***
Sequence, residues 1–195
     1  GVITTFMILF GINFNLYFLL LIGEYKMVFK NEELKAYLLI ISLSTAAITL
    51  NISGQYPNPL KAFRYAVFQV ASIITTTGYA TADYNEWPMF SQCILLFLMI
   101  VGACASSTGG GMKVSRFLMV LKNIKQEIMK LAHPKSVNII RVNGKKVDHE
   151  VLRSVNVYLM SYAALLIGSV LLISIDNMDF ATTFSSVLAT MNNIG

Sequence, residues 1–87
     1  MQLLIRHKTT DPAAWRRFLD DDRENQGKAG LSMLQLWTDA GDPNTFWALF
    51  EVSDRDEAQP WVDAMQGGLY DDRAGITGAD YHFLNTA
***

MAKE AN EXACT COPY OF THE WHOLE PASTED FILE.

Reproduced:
Sequence, residues 1–195
     1  GVITTFMILF GINFNLYFLL LIGEYKMVFK NEELKAYLLI ISLSTAAITL
    51  NISGQYPNPL KAFRYAVFQV ASIITTTGYA TADYNEWPMF SQCILLFLMI
   101  VGACASSTGG GMKVSRFLMV LKNIKQEIMK LAHPKSVNII RVNGKKVDHE
   151  VLRSVNVYLM SYAALLIGSV LLISIDNMDF ATTFSSVLAT MNNIG

Sequence, residues 1–87
     1  MQLLIRHKTT DPAAWRRFLD DDRENQGKAG LSMLQLWTDA GDPNTFWALF
    51  EVSDRDEAQP WVDAMQGGLY DDRAGITGAD YHFLNTA